"Kids get hooked on trees when they have a chance to get to know them up close and explore the threads of history that trees share with us," says environmental consultant Hannah Bartges from Lancaster, PA.
Every fall in the classrooms she serves, third graders wrap up a unit on plants by selecting nearby trees to adopt, then uncovering clues to the trees' identities by noticing buds, leaf features, bark, and so on. Observation sheets with questions (Does the leaf feel paper-thin, thick, waxy, fuzzy, sticky, or smooth? for instance) help students zero in on identifying characteristics. Later, the kids compare their responses with descriptions of local specimens and learn about their folklore.
To preserve students' precious leaf specimens, Hannah lays out strips of clear wide mailing tape, sticky side up, on desks, securing the ends with more tape. The slight overlaps between strips are not obvious in the final product, says Hannah. Students arrange their leaves on the sticky tape, then finish the job with a top layer of tape. (They sometimes use just one thin strip to make leaf mobiles and necklaces.)
Meanwhile, her keen observers also notice bird nests, bugs, and other creatures that call their trees home during different seasons. Curious about how trees affect the environment, the youngsters compare air temperatures under trees with those in other locations. The youngsters even manage to capture the sounds of spring sap flowing by listening with stethoscopes.
Throughout the year, the third graders keep journals with their observations, art, and tree-related folklore. "I've been moved almost to tears to watch how the children's treatment of the trees and their observation skills change from their first journal entry to the time they share and 'introduce' their tree to the class later in the year," says Hannah. As they add to their own journals, the kids also have an opportunity to read copies of the journals of students from previous years who have adopted the same trees. "Students develop a camaraderie and are able to learn more by noting what has changed over time," says Hannah. "It's amazing how many of our fifth graders return to their adopted trees, write about them in the memoirs they do before leaving the school, and want to know each year which third grader adopted their tree."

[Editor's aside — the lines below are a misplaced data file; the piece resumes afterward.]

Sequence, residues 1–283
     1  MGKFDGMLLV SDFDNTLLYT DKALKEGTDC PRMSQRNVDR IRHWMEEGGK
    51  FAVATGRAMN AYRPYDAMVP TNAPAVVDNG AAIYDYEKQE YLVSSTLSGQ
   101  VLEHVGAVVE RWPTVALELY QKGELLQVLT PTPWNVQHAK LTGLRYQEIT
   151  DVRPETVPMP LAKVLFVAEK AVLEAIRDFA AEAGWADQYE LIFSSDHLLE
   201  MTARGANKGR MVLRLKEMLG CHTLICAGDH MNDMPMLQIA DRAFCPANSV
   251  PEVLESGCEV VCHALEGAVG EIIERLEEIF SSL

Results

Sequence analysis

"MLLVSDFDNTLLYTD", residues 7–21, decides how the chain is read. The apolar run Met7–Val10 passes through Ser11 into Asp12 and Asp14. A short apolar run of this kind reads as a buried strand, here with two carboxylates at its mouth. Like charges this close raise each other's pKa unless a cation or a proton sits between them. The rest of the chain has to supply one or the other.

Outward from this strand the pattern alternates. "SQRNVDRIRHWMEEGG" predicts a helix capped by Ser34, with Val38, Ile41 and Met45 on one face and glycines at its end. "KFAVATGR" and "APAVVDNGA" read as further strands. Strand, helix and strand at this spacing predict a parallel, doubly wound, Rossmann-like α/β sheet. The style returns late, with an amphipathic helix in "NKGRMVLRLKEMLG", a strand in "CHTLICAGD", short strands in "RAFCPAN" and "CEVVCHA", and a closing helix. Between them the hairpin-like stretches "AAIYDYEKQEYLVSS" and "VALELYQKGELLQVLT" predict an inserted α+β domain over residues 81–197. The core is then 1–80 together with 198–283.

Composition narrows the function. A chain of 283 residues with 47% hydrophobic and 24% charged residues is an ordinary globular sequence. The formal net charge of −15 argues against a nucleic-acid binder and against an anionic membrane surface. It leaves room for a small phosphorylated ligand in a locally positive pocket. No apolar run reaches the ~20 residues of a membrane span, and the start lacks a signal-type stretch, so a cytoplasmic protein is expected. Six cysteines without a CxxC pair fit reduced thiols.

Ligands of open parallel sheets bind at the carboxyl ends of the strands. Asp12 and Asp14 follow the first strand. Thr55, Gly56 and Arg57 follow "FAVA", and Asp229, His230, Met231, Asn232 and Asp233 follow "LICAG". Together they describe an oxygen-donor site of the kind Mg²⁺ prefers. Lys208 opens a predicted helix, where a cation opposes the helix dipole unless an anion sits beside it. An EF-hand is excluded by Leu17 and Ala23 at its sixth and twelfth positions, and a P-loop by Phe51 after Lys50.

Hannah is delighted to share her self-designed tree key, complete with folklore, with other teachers. To request a copy, send $4 to cover copying and postage along with your return address to Hannah Bartges, Bucher Elementary School, 450 Candlewyck Rd., Lancaster, PA 17601.
Native History Connections
When possible, Hannah makes links to the third grade history curriculum, which focuses on Native Americans. Here are a few highlights.
Ash: Sioux Indians used ash wood to carve peace pipes and, when they smoked them, asked the spirit of the tree for wisdom and guidance. Other tribes hung their cradles from the strong ash branches.
River birch: Native Americans used this wood to make canoes. They also cooked the aromatic "wintergreen" sap into an ointment for relieving sore muscles.
White oak: The acorns were used as an important food source in a raw form or cooked and ground into flour.
Sycamore: These were "pathfinder" trees because people knew they could find water if sycamores were in the forest.
Sweet gum: Many tribes chewed its sap for sore throats and coughs, but the Cherokee were the first to use the sap as a chewing gum.